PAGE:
The language of propositions can be quite manipulative. I often think I’m voting yes when no is what I wanted, and visa versa. Below is a trust-able source – the Union for Concerned Scientists (http://www.ucsusa.org), to help you choose well at the polls on Tuesday.
When you go to the polls this Tuesday, November 4, you will face a pair of seemingly “green” state ballot propositions.
As you may remember from our earlier e-mails, a closer look at both initiatives reveals fundamental flaws that make each initiative harmful, not helpful. Based on our thorough analysis of each proposition, the Union of Concerned Scientists urges you to vote:
NO on Proposition 7, which is loophole-ridden and so poorly drafted that it could actually hinder the development of new clean, renewable energy sources in California, like solar and wind power, and
NO on Proposition 10, which would throw nearly ten billion taxpayer dollars into a program promoting natural gas and other transportation fuels that could achieve little or no reductions in smog or global warming pollution.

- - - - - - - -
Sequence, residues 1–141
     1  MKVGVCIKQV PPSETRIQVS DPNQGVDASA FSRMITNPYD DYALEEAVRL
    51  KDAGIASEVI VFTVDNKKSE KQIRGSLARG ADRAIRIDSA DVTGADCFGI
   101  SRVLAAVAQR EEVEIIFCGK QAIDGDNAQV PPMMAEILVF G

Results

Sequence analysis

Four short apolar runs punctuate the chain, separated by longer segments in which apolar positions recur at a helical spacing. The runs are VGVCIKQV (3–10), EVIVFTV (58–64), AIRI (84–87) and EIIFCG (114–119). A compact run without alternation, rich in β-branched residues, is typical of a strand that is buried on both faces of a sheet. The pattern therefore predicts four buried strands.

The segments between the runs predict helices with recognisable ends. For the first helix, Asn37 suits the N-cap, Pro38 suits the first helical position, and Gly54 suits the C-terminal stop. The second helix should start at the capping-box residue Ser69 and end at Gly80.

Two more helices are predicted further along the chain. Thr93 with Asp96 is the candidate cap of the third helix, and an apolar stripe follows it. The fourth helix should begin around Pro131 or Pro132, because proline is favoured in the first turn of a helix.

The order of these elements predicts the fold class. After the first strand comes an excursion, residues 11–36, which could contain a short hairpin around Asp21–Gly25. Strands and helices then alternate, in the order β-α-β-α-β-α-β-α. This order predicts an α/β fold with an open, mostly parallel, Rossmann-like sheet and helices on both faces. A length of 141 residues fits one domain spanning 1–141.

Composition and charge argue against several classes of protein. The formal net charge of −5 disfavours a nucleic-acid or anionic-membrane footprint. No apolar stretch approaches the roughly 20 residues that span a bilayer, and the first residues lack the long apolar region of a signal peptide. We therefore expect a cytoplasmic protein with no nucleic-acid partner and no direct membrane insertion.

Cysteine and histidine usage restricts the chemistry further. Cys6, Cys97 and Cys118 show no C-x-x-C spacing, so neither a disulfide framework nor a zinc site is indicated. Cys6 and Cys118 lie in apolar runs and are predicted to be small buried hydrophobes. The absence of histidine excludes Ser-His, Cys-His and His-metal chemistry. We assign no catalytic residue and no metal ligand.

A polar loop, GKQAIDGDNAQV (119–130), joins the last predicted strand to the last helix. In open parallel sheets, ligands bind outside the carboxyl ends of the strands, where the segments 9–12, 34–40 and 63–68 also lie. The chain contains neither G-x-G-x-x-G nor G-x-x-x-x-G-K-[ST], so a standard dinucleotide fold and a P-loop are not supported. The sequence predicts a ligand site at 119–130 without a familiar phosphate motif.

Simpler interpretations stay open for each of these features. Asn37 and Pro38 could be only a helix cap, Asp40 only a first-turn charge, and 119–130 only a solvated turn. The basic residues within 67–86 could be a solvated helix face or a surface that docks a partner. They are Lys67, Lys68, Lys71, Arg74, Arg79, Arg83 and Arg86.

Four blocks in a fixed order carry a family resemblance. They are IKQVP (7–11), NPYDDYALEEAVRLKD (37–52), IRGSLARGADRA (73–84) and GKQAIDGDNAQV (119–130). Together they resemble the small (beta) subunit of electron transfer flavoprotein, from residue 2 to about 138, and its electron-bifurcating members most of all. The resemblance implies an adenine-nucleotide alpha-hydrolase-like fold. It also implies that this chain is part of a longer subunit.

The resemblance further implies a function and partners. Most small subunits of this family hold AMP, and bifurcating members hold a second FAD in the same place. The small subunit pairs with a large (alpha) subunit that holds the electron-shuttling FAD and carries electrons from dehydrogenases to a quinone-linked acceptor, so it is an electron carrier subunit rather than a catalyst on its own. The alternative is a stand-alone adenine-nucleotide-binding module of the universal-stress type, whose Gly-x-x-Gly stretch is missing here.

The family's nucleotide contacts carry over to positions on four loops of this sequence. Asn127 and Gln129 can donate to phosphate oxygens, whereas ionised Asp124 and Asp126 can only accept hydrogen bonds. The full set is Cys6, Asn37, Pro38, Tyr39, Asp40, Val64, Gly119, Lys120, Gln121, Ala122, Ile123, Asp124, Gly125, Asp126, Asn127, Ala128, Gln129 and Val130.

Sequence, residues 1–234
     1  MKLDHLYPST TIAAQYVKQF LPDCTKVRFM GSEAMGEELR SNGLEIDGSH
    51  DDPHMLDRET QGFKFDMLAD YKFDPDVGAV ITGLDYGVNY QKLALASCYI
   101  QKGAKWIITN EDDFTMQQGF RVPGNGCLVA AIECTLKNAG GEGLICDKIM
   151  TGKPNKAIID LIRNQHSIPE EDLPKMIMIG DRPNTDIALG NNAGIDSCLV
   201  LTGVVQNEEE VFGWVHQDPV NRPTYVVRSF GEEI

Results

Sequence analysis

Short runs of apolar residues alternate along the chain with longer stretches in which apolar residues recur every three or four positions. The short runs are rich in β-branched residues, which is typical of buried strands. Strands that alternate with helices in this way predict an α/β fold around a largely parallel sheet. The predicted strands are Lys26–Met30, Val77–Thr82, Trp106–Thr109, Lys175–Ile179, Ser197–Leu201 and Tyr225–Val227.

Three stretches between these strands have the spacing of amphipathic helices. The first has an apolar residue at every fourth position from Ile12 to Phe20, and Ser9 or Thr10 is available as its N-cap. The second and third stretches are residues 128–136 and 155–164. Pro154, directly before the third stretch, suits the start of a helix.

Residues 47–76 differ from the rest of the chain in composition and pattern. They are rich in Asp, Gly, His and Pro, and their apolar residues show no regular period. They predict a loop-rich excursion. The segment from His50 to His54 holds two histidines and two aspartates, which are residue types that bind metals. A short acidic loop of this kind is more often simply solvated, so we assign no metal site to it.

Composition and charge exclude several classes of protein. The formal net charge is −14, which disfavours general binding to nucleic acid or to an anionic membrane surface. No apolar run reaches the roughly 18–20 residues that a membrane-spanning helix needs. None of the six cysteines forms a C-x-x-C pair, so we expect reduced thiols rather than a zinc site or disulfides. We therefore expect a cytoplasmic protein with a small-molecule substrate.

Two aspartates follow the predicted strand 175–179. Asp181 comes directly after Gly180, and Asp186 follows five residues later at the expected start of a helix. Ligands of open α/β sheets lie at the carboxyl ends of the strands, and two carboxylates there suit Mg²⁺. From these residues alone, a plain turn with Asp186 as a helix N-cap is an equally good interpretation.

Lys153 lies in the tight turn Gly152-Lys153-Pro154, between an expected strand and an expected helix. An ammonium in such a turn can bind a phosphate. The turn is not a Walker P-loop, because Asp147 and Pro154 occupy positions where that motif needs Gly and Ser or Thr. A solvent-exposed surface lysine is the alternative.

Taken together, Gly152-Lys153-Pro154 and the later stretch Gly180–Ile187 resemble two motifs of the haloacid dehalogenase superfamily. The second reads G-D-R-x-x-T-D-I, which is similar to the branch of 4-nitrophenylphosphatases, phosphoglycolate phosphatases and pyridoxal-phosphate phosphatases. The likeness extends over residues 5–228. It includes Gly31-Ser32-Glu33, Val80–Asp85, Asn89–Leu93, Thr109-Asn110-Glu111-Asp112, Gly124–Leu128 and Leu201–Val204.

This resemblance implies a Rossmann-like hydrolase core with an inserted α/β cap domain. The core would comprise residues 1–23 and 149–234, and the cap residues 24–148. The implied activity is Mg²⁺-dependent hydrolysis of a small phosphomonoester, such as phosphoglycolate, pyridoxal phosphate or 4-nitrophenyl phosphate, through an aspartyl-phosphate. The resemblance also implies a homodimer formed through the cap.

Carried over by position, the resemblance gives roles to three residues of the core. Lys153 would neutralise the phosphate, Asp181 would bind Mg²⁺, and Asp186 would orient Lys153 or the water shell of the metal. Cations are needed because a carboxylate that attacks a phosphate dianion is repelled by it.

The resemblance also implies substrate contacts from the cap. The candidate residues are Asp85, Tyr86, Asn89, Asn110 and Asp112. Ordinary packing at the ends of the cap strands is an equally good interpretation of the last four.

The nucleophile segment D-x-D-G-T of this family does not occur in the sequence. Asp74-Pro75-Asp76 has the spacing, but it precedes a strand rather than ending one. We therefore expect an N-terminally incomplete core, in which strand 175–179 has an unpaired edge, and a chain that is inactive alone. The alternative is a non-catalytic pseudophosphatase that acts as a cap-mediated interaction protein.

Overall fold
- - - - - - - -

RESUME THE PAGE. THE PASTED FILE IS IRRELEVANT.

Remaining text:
On a more positive note, we encourage you to support a pair of helpful ballot propositions by voting:
YES on Proposition 1A, which is a bond measure to begin construction on a California high-speed train system. Once built, the train system is expected not only to ease growing automobile and plane traffic, but most importantly, to reduce emissions of global warming pollution and save energy overall.
YES on Proposition 2, which will ban some of the worst practices of polluting CAFOs (confined animal feeding operations), and is an important step in promoting a modern approach to agriculture that is productive, humane, and more healthful.
Read more on all four ballot propositions below and don’t forget to vote on Tuesday, November 4. Polls are open from 7:00 a.m. to 8:00 p.m. If you have a vote-by-mail ballot and haven’t already mailed it in, you can drop off your completed ballot at your polling location on election day. Thanks for your support.
California Outreach Organizer
Union of Concerned Scientists